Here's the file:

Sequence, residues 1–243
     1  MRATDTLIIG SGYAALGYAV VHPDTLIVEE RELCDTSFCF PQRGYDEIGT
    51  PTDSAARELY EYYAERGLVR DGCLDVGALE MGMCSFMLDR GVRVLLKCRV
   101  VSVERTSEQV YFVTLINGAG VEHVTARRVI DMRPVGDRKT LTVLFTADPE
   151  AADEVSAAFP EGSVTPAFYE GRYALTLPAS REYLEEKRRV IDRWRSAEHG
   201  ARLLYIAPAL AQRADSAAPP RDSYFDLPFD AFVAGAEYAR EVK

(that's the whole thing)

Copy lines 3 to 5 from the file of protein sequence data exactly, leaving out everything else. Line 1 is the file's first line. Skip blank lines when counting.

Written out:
    51  PTDSAARELY EYYAERGLVR DGCLDVGALE MGMCSFMLDR GVRVLLKCRV
   101  VSVERTSEQV YFVTLINGAG VEHVTARRVI DMRPVGDRKT LTVLFTADPE
   151  AADEVSAAFP EGSVTPAFYE GRYALTLPAS REYLEEKRRV IDRWRSAEHG